This in an example of a photo montage I created and later showed a party. The event was for a Bar Mitzvah in Agoura Hills, California. Becoming a bar/bat mitzvah is the beginning of participation in the adult Jewish world. In entering Jewish adulthood, the bar/bat mitzvah should prepare in 3 areas. Torah implies learning; avodah suggests deepening one's prayer and spiritual life and gemilut hasadim, often translated as "acts of loving kindness," points to repairing the world, both through direct service and volunteerism and through tzeddakah. Parents, the B'nai Mitzvah Coordinator, and the other clergy are all expected to help shape a student's program of preparation in these important areas:
1. Torah—Text Study: Whether or not the child offers a public dvar torah, it is important that the child experience Torah study. Studying their parsha with the clergy is a key facet of the bar/bat mitzvah experience.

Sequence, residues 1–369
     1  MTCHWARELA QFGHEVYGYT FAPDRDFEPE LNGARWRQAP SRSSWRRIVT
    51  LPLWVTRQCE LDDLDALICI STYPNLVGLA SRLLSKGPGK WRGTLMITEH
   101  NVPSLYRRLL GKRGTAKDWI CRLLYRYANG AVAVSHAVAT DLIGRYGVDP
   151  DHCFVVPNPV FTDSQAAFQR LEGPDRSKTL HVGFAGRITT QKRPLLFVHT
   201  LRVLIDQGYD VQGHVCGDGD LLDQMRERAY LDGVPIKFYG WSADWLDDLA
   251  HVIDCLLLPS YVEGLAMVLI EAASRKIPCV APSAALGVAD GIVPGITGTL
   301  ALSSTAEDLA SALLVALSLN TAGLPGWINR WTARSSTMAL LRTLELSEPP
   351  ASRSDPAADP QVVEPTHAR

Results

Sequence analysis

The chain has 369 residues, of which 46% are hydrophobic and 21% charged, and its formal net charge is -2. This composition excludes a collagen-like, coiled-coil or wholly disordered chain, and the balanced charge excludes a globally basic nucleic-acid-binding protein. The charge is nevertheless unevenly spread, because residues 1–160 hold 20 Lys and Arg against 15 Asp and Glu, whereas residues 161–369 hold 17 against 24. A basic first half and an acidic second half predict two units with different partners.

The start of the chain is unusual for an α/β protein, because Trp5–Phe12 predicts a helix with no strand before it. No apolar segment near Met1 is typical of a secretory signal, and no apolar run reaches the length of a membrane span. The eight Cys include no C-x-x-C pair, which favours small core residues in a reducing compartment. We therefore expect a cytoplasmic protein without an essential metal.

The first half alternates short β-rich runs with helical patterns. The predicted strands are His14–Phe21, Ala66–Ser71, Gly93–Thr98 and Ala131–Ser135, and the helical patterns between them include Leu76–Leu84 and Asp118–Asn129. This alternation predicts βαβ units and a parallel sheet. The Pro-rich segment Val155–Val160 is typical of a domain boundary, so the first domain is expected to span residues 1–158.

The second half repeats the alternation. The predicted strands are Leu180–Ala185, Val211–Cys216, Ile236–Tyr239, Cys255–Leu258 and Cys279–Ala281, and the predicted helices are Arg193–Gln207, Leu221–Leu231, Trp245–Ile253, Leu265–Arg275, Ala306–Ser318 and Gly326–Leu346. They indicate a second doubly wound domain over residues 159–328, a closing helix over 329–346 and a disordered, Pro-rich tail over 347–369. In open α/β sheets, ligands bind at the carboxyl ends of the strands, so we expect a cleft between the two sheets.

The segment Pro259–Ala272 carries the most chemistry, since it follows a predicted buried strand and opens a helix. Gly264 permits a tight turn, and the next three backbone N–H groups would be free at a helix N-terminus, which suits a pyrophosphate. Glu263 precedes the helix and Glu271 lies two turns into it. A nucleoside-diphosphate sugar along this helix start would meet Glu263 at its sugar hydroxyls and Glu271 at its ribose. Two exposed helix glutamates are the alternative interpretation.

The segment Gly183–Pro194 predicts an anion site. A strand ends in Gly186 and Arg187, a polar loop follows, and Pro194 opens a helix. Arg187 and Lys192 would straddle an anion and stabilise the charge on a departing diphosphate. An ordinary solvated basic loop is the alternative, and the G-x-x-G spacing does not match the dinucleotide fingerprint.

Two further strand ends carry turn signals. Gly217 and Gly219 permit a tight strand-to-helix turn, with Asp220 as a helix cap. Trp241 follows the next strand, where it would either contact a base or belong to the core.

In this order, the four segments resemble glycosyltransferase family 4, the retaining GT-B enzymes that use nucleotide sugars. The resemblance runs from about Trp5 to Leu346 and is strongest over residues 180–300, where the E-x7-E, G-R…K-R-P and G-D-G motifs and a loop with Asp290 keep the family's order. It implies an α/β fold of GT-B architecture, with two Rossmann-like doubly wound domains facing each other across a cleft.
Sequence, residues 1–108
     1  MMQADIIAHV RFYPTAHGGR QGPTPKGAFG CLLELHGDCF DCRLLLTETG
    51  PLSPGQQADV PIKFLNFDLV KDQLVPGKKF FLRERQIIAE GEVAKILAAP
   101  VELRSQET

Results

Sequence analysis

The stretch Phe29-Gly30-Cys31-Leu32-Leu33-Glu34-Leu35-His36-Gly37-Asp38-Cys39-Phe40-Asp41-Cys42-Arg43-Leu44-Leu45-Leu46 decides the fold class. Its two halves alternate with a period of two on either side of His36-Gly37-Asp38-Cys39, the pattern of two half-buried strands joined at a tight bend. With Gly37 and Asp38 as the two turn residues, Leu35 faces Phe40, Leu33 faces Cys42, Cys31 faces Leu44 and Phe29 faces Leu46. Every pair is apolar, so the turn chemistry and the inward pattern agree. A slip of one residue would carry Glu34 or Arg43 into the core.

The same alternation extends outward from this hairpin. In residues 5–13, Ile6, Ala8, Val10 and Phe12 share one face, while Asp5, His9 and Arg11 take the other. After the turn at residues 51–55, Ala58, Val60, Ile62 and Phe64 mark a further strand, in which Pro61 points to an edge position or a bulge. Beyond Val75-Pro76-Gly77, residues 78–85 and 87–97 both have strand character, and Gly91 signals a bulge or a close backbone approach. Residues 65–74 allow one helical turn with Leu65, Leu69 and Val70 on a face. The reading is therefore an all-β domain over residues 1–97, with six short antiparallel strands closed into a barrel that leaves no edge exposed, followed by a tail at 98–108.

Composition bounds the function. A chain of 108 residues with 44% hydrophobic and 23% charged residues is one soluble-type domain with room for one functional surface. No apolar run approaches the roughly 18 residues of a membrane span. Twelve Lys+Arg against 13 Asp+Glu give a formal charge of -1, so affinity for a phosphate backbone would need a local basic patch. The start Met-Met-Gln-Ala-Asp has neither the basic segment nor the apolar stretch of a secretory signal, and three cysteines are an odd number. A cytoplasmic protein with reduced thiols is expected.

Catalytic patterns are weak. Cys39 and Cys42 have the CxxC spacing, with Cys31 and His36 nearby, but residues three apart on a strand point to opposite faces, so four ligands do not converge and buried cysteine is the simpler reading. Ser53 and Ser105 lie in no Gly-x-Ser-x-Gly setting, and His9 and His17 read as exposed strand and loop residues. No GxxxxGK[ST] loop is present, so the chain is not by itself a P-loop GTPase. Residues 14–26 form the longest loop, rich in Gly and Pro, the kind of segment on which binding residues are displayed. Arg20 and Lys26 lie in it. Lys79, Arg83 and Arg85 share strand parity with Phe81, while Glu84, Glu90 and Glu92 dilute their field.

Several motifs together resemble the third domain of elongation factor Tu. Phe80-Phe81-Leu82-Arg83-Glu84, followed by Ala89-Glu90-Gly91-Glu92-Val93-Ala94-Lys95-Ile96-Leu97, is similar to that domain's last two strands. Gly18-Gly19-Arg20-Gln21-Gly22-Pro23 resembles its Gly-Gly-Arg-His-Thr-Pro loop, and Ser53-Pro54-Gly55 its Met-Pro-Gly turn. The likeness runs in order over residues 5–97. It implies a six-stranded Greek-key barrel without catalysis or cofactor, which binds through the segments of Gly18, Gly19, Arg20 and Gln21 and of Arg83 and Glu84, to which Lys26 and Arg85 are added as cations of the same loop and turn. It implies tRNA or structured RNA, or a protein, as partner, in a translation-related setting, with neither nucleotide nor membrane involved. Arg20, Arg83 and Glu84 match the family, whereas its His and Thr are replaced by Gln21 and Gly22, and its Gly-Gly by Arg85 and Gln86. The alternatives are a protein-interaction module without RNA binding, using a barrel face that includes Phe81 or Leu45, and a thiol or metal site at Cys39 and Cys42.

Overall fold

2. Avodah—Spiritual Practice and Participation in Services: Reciting the Torah and Haftorah blessings and publicly chanting the Torah text are part of adult Jewish spiritual practice. Becoming a bar/bat mitzvah is a beginning, not an end in itself. As a mitzvah person, each student is encouraged to make a commitment to continued Jewish spiritual practice following the bar/bat mitzvah ceremony.
3. Gemilut Hasadim—Tikkun Olam Project: Each Bar/Bat Mitzvah student is expected to undertake a tikkun olam project. The project should be hands-on and developmentally appropriate so that the child is able to see a direct connection between his/her actions and the "repair" of one small corner of the world. Some students participate in group B’nai Mitzvah projects in the larger Jewish community. For more information on my video services, check out my web site: www,jamesvcosta.com.